At 2 trillion euros is valued the cost of the reunification of Germany, according to a survey by the research center SED-Straat conducted for the German edition Die Welt on the occasion of the 25th anniversary of the fall of the Berlin Wall. The relevant article in the German newspaper noted that the amount of 2 trillion euros is for the sum of funds allocated to the states of former East Germany. 60% to 65% of the amount reflects the difference between the social benefits that East Germans received and taxes paid. Specifically, citizens of the former East Germany received nearly 1.3 trillion euros more than the income that would entitled if there were an independent state.
Approximately 560 billion euros are given extra to local communities and states. Despite the money allocated and invested in the reunification of Germany, found still differences in economic performance between the two parts of the country. The western part of the strongest economy in Germany enjoy greater robustness of the east. This gap is confirmed by official data from the German Statistical Office, based on which the GDP of the Länder in eastern Germany today reflects two thirds of West Germany. At the same time, unemployment is moving to higher levels in the eastern part. MP Christian Democrat (CDU) representing the state of Saxony-Anhalt, Reiner Chaselof expressed his dissatisfaction, because he has recognized or adequately appreciated this great movement of solidarity that we achieved in Germany, but the issue being downgraded to data showing only unilateral transfers.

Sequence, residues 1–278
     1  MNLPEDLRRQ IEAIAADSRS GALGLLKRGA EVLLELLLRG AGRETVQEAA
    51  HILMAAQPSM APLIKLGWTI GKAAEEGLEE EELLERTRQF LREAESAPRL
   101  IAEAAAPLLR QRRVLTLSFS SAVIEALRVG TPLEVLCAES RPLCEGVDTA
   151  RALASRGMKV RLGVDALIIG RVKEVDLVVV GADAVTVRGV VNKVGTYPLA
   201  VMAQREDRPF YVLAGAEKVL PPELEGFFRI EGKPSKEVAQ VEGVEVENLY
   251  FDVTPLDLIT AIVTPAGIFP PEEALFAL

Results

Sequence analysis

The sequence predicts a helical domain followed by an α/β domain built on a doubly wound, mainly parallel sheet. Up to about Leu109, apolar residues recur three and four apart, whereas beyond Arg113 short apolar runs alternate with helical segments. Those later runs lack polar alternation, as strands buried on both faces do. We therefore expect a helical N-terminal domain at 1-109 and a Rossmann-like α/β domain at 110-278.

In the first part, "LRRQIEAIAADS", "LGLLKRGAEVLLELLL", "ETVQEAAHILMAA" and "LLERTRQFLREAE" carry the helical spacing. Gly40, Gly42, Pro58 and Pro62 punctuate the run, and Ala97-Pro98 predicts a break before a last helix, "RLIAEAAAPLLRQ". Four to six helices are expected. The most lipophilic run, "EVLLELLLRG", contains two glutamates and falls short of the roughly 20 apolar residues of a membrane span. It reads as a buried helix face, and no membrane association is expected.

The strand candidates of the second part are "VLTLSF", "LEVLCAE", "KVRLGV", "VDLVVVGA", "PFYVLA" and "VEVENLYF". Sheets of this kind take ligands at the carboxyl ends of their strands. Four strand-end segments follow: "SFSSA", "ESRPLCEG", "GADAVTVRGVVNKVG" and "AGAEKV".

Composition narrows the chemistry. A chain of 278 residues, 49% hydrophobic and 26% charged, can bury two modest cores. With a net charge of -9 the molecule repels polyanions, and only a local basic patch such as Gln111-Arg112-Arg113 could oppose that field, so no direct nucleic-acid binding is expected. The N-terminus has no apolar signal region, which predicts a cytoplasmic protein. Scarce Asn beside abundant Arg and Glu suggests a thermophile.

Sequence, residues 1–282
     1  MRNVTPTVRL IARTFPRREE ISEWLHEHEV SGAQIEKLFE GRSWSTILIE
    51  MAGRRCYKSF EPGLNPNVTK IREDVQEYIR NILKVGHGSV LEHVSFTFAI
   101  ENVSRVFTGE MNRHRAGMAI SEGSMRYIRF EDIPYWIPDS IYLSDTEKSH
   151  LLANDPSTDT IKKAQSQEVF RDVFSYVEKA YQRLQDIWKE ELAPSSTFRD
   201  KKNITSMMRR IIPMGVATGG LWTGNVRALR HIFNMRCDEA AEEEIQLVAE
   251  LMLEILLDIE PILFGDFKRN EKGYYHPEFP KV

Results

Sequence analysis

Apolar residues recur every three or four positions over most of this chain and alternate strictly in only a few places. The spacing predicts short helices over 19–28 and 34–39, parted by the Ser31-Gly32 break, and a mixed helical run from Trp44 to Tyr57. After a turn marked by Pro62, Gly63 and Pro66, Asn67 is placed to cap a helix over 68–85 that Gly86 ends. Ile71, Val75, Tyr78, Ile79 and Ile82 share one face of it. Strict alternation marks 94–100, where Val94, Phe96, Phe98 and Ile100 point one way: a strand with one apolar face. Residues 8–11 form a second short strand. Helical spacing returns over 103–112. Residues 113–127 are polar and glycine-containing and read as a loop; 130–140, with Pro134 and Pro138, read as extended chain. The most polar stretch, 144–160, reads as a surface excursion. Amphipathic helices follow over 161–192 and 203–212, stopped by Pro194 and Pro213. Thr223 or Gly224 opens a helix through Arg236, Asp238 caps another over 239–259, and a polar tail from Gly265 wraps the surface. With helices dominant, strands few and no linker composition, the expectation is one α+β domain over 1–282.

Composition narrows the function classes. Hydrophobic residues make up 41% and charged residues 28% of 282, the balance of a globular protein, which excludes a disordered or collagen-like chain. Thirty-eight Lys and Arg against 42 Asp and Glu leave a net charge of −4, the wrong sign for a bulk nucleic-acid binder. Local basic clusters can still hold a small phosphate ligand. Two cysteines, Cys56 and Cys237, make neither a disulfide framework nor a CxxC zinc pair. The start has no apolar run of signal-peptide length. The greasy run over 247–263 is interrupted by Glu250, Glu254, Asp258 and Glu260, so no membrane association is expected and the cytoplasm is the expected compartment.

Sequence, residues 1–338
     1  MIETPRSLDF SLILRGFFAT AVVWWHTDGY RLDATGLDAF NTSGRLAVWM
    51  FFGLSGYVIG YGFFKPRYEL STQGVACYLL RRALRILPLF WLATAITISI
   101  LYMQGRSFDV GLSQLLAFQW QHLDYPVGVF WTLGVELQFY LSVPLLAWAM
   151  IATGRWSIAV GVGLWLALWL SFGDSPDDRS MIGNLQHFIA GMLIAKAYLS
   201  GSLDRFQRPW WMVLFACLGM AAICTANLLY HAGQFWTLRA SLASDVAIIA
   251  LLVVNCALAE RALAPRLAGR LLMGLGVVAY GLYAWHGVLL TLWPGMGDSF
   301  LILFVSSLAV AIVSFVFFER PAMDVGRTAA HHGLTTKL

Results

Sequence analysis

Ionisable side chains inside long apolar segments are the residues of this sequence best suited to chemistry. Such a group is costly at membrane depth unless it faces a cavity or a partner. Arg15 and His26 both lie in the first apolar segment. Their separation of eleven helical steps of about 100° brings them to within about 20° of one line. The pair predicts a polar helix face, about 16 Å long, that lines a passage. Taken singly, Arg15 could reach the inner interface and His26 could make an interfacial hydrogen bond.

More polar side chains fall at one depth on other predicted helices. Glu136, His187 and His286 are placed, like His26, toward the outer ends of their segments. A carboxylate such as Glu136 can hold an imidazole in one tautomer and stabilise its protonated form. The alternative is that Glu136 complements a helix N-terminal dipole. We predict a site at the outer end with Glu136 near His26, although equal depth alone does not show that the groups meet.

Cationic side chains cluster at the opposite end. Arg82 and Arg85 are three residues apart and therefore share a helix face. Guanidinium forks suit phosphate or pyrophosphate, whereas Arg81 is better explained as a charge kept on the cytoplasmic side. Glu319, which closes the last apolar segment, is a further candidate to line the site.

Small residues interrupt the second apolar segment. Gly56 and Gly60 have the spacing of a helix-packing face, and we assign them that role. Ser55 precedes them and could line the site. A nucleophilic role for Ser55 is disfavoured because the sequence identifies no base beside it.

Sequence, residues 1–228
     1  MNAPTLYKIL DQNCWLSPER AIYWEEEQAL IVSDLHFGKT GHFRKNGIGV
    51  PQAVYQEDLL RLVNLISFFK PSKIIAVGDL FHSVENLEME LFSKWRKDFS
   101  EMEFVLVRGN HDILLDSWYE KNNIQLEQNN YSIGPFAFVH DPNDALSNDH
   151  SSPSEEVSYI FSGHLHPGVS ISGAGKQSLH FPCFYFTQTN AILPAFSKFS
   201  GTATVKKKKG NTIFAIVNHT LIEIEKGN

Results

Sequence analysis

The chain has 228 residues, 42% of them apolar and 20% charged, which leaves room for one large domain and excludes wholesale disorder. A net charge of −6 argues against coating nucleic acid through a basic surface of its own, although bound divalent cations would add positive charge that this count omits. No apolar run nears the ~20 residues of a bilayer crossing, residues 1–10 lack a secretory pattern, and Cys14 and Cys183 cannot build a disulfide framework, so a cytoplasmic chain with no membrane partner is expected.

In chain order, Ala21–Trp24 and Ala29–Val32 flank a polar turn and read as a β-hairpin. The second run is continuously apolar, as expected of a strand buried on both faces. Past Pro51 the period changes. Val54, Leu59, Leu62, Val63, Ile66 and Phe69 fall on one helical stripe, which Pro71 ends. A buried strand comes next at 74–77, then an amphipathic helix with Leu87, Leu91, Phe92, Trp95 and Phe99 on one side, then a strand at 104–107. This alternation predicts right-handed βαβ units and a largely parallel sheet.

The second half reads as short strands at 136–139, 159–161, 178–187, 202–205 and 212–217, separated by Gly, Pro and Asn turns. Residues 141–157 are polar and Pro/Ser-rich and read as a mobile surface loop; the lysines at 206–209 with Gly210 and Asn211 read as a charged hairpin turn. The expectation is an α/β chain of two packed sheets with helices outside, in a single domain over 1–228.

Analysts point out that these economic differences can not be eliminated immediately, while there is a danger that this gap will intensify in economic performance between East and West Germany. The question raised, also, the economist and former finance minister of Saxony-Anhalt, Karl Heinz Pake. You need to face a future of greater economic differences within Germany, he said at the Die Welt.
The demographic problem should result in a widening of the gap. The regions that once comprised the former East Germany have lost over half a million of inhabitants, who converted to internal migrants over the last decade. Since the fall of the Berlin Wall and the collapse of the Soviet Union there have emigrated almost two million inhabitants of the former East Germany, 13.5% of the total population of this part of the country. During the same period, the population in the western part of Germany has only increased by 6.7%, reinforcing the demographic problem and thus the pressure on the pension system. It is optimistic, however, that this trend of internal migration has been limited as shown by the 2013 data. For the first time, the number of people who moved from the eastern to the western part is around 2000 when it stood at 60,000 on an annual basis for the period 2000-2005.
By Nicole P.